If you want to build stronger teams, you have to create a stronger sense of virtual presence. Team members should know that their colleagues are right there with them. If they need to, they can hop over for a quick chat. Perhaps they can even gather around a virtual watercooler to talk about last night’s game.
For instance, Microsoft Teams creates virtual spaces to give team members a sense that they’re sharing the same room.
Facebook went a step further and created an entire virtual workspace in VR.
While this might be a more extreme example, it shows the importance of presence. Something as simple as keeping your video on as you work on a specific day (say, Video Fridays instead of Casual Fridays) can help teams bond with each other better.
4. Create a dashboard for every team member
In the real world, information asymmetry is usually easy to reconcile. If you don’t know something, you can just ask about it the next time you see your colleague at the water cooler. Office gossip, for better or for worse, ensures that important information usually finds its way to everyone.
In virtual teams, this information asymmetry can lead to chaos, confusion, and strained relationships. A colleague who forgets to forward an important email or accidentally withholds vital information can jeopardize projects and careers.
This is why if you’re building a team with people you’ve never met, you must make your information as transparent as possible.
Every team member should know at a glance:
- What they’re supposed to be currently doing
- What they should prepare to do next
- What other tasks, projects, and deliverables are coming through the pipeline
For instance, the Workamajig ‘Today’ dashboard shows creatives exactly what they are supposed to work on.
While this transparency is obviously good for productivity, it also removes uncertainty and lack of accountability. Since everyone has the same information, there is no way to withhold information, play favorites, or engage in any sort of office politics.
Keep in mind that team members who’ve worked together in-person in the past will naturally have a stronger camaraderie than new, virtual-only team members. It’s common for these new members to feel out of place or even insecure about their place in the team.
By creating a transparent work dashboard, you ensure that everyone is on the same page. For mixed teams, this transparency can create a more equal, comfortable work environment.
5. Don’t skip team-building activities
When you think of “team-building”, you usually think of formal events with tasks and competitions.
That, of course, is hard to pull off virtually.
But that doesn’t mean you have to abandon team-building activities altogether. For new teams (and new team members),a shared activity is often the easiest way to break the ice and cultivate relationships.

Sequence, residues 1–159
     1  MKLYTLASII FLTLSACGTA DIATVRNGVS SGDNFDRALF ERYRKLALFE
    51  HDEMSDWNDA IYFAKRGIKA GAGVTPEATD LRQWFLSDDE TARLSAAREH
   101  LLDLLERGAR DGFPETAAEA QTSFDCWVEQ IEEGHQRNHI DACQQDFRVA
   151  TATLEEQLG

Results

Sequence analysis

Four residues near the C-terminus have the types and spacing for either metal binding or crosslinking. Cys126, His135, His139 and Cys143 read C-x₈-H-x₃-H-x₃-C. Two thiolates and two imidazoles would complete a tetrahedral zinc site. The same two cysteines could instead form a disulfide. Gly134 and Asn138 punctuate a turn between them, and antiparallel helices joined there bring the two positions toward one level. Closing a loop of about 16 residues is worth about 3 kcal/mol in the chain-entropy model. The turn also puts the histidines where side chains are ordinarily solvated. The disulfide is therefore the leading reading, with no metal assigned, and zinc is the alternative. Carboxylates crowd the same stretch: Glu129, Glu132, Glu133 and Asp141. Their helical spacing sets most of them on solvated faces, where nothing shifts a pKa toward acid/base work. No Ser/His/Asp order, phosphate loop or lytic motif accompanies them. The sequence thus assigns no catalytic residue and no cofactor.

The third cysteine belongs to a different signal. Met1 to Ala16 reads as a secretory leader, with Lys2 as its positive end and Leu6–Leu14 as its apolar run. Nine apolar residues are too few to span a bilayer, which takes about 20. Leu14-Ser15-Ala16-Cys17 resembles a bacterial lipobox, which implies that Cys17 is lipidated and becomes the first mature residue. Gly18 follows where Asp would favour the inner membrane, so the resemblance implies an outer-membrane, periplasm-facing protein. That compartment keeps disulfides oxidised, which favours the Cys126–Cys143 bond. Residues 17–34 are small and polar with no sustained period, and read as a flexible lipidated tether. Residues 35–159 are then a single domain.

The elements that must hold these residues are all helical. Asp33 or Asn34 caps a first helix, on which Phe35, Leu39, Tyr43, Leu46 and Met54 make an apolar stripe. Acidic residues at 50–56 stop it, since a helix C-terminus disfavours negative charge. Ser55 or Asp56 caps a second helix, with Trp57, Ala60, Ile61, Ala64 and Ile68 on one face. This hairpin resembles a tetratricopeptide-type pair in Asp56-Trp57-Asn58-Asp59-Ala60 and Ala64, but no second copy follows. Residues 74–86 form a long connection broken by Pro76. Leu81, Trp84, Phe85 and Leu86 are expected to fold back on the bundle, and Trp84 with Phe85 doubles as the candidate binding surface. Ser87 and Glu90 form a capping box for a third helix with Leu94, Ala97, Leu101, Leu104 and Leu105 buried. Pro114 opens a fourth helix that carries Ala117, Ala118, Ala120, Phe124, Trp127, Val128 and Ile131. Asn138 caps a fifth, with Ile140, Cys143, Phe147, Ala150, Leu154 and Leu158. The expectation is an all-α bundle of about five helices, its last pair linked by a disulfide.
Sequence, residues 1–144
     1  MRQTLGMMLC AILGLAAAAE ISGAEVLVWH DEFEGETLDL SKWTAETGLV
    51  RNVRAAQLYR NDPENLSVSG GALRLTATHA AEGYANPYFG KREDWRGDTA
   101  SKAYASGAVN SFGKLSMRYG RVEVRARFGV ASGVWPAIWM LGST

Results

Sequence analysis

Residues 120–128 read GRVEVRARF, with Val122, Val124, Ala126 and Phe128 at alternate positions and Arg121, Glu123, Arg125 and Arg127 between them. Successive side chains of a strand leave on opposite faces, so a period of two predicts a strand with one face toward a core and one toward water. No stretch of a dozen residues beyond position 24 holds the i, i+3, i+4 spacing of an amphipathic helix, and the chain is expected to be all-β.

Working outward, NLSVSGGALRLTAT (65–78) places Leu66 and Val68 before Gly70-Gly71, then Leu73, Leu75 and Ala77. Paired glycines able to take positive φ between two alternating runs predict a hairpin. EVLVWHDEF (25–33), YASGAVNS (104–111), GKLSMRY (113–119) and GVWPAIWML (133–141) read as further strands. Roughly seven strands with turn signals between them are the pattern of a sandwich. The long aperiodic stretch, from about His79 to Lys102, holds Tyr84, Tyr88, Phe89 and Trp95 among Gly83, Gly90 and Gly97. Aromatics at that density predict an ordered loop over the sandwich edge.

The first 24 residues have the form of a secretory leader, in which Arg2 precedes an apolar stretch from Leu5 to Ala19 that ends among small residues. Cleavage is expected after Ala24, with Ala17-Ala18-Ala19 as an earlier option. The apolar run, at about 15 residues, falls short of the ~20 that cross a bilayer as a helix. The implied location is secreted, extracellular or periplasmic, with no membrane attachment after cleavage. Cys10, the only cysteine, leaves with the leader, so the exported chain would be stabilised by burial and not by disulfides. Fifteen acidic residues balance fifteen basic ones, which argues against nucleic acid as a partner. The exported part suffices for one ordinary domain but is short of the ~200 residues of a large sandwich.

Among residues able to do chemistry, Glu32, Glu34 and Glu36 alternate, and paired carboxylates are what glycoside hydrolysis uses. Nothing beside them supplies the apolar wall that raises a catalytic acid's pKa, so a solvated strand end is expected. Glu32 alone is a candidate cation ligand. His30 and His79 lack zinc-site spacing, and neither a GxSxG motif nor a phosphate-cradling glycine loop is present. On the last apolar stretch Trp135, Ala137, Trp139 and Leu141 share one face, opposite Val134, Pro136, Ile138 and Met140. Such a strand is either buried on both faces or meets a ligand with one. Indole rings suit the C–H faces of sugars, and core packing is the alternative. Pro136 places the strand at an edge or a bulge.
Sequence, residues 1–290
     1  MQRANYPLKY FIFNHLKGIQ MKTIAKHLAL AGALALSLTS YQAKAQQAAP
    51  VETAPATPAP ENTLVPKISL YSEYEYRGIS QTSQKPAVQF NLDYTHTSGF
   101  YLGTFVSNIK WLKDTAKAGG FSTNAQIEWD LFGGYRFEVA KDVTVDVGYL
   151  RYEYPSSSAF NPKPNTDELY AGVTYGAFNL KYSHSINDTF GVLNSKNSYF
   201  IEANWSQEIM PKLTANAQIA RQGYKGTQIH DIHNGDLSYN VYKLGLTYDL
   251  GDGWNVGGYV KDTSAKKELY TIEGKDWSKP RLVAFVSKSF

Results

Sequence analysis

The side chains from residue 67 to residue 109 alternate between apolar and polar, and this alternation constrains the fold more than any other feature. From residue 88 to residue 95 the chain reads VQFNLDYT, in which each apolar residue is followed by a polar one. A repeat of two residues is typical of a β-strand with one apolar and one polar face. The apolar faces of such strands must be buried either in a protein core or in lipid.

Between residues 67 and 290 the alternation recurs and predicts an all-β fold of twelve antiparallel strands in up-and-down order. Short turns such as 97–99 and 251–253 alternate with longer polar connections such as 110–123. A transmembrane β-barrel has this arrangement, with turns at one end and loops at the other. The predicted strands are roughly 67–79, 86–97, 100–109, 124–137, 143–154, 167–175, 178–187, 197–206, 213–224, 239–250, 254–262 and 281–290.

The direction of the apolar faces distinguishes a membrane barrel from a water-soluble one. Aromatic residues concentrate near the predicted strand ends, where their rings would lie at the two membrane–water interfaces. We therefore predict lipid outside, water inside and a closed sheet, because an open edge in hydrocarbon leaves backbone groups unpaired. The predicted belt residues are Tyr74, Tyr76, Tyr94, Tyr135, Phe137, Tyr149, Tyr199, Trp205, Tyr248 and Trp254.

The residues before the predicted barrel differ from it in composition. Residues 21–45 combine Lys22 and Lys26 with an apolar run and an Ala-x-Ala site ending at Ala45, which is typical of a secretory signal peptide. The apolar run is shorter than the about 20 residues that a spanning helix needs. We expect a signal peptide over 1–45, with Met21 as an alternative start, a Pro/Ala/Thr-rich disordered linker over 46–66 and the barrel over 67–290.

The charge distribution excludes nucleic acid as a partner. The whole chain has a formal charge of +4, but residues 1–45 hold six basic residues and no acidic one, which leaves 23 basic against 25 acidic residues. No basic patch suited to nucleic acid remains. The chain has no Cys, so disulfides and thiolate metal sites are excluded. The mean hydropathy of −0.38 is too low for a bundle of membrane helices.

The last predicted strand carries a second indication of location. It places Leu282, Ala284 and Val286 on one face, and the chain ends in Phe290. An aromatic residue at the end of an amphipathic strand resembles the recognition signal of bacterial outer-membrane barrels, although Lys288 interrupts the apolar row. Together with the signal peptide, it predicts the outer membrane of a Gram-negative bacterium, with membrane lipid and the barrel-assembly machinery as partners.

The nature of these activities has to be different - obviously. They have to be more impromptu and informal. They also have to be scheduled carefully since your team might be spread across time zones.
Try replacing real-world competitions with eSports. Give virtual improv a shot. Go “out” for a virtual happy hour. Play “guess the desktop”. Try personal quizzes as an icebreaker. And so on.
Refer to this guide for a more comprehensive list of virtual team-building activities you can try today.
6. Show clear leadership
Leading a remote-only team requires exemplary management, communication, and leadership. Team members who have never met each other can easily fall into a pattern of work-only conversations. Not only does this stifle productivity and collaboration, but it can also lead to fatigue and loneliness.
As the leader, you have to step forth and cultivate relationships. You will have to push, prod, and cajole people into getting to know each other (especially the group introverts!). You will often have to go beyond your management duties and be a friend and confidant to team members living alone.
While the recipe book for virtual team leadership is still being written, the old leadership maxims still apply, namely:
- Be an active, close listener. Your team members will often drop hints if they’re feeling unmotivated, lonely, or insecure.
- Treat everyone the same. It’s natural to be more friendly with team members you’ve actually shared an office with, but it can make your new hires insecure. Always treat everyone the same - regardless of your prior relationships.
- Be accessible. This might even mean being up at odd hours if your team is spread across time zones. For new team members, knowing that there is someone who can guide them through the chaos is a huge source of confidence.
- Stick to the script. Working from home can quickly become unstructured and chaotic. It’s your job to bring order and structure to your team’s work. Have fixed schedules for meetings. Use the same communication platforms consistently. If there are any “office rituals”, make sure to follow them. These might not seem important, but they give your team some order - a scarce quantity for remote workers.
Over to you
Building a virtual, remote-first team is always a challenge. When the team members haven’t even met each other, you have your work cut for you.
Follow these six tips to help bring your virtual team on the same page. By combining these tactics with an agency-first project management system like Workamajig, you’ll ensure that your virtual teams thrive for years.